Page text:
This old man who cries like a girl, and looks like my gran, will make your toes curl!
Adi says he will pay the money, but at the expense of his sister, who needs it for her cancer operation (the only operation his sister will be having is on her funny bone - they are pulling the wool over their landlady's eyes!). This has the desired effect on the landlady, who gives Manav some cash (he'll spend it on sweets!). Manav is upset, not because of his sister suffering from cancer (yes, Adi is apparently Manav's brother), but because Adi never told him that they had a sister (Manav unintentionally always ends up telling the truth and landing the boys in trouble!). They are thrown out by the landlady, but all is not lost, as Manav comes up with a "mind-blowing" way of making money. Manav steals a painting of a horse, which is to be brought to a funeral. In a highly amusing scene, Manav, who has come to pay his respects (along with the other three), moves his chair closer to an elderly gentleman who begins crying like a girl. Manav asks him "Was Mr. Trivedi your relative?", "Was he your friend?" and "Was he your neighbour?", to which the old replies to each "no". But then why is the old man crying? Because Manav has unitentionally placed one of the legs of his chair on the old man's foot! (I fell off my chair in hysterics watching this!)

The blank canvas furore would lead the boys to find the dus lakh crore
Roy and Adi tell the son of the deceased that they have come to deliver the expensive painting his father chose at the foursome's art gallery (with rubbish paintings like a horse eating grass, there's no doubt Manav is the painter!), and so kindly request the son to pay them. Manav again puts his foot in his mouth (not literally - however it wouldn't be much of a surprise if he did...) when he tells the son to at least check the painting he has been delivered, which turns out to be a blank canvas. The deceased man's son demands to know where the grass in the painting is, to which the boys reply "The horse ate up the grass.". And then he questions where the horse is, to which the boys reply "Why will the horse wait after eating the grass?". Clever Manav tells the mark who has just been hustled that once the grass grows back, the horse will return (either that or the painting will re-emerge on the reverse side - the grass is always greener on the other side...). While you check out the song 'Dekho Dekho Dil Ye Bole' which plays next, I'm off to hustle Bollywood filmmakers by convincing them one of their A-list stars wants a shot at remaking a Hollywood classic... (hmmm... which mocked-up film poster to choose?)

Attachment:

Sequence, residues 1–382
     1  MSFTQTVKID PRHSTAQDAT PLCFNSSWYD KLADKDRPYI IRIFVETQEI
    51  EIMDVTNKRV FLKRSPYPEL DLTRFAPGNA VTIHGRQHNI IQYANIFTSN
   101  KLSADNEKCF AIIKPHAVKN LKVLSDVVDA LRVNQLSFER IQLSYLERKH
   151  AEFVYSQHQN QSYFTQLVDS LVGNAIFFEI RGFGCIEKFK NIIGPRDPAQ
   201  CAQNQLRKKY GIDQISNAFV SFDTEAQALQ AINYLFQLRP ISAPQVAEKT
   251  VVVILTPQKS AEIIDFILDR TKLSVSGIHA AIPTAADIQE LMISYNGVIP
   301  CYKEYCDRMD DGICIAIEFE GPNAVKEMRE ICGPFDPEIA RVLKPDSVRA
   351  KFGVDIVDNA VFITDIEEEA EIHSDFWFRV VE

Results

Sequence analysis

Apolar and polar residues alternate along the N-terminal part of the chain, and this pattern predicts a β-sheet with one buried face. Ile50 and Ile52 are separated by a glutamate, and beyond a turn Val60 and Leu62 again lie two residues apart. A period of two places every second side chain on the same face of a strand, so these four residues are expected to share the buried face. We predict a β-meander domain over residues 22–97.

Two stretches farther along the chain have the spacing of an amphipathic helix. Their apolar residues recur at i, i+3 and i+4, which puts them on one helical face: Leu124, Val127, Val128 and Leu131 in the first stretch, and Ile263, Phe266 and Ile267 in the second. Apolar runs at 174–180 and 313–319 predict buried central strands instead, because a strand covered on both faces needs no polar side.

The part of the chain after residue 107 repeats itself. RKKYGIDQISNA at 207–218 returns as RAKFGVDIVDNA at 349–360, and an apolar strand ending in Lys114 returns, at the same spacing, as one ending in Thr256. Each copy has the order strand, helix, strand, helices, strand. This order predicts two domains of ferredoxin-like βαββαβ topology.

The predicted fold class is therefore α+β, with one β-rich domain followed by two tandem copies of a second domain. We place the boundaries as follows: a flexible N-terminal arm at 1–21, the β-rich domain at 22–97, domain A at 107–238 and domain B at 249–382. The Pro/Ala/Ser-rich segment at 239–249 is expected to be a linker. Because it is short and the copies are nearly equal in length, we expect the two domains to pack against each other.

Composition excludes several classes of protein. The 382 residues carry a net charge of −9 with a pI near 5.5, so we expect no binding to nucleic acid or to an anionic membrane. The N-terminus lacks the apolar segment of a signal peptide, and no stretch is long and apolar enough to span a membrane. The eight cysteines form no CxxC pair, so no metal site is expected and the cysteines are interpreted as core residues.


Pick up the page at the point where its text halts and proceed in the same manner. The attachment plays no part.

The man who's name means 'love' looked like he was missing a white glove
Adi, Boman, Manav and Roy are arrested by a police detective after discovering they are the quartet that have been hustling people using the horse painting, and are promptly put in the back of a police van and escorted to jail. The van suddenly stops and the police detective instructs his man Deshmukh (they didn't have to look far for a name for this actor...) to uncuff them, but they are reluctant as they see the detective cleaning a gun (if he's going to shoot them, Manav will of course be first!). But the detective sets them free, as he has more pressing matters at hand (they'd only end up locking handcuffs which each other anyway!). The boys witness a car crash and roll off a cliff, from which a man dressed in a white suit is thrown out of, and the boys worry for his safety (call an ambulance!). The man known as Bose (played by the one and only Prem Chopra) is dying, as he asks them if they've seen Goa (amusingly Manav says no and questions whether he is a travel agent!). He tells them to go below a big 'W', in St. Sebastian garden, in Goa, where there are ten crore rupees (and where you'll also find ten Amitabh Bachchan's...). Manav is reluctant as he amusingly says "Why should we take it out, are we his servants to work for him?" (oh how I love you Manav!).
 
Bose was better found through research while Kabir wondered whether he last went to church
Quick on the scene is Inspector Kabir Nayak (played by Sanjay Dutt), who asks which of the four saw the dead body first, and if Bose said anything before he died (he said "big W"!). The quartet escape the clutches of the police on the side of a Tata 'Horn Ok Please' truck (you know the ones!), with Manav having even stole one of the police officer's house keys (officer not to worry, Manav probably doesn't even know how to open his own front doors, let alone a stranger's...). Adi and Roy are the smarter of the four, as they once again come up with a plan, a plan of Boman stealing his father's precious car and driving to Goa (boys, be ready for some slaps and curse words... in Gujarati!). The problem is Nari is fast asleep and his keys are next to him, and Manav doesn't understand the meaning of pass the screwdriver (he inserts right between his brother's ass cheeks!). Roy has a belt that can attract metal, and so tries to lure the car keys towards him (but instead a knife comes charging forward!). Just like Boman mimicked his pop's car's tyre being flat (oh so that's what he did!), he mimics the telephone ringing, but his father doesn't fall for it as the telephone has been dead for the past two days (Officer Larvell Jones from the Police Academy series Boman is not!).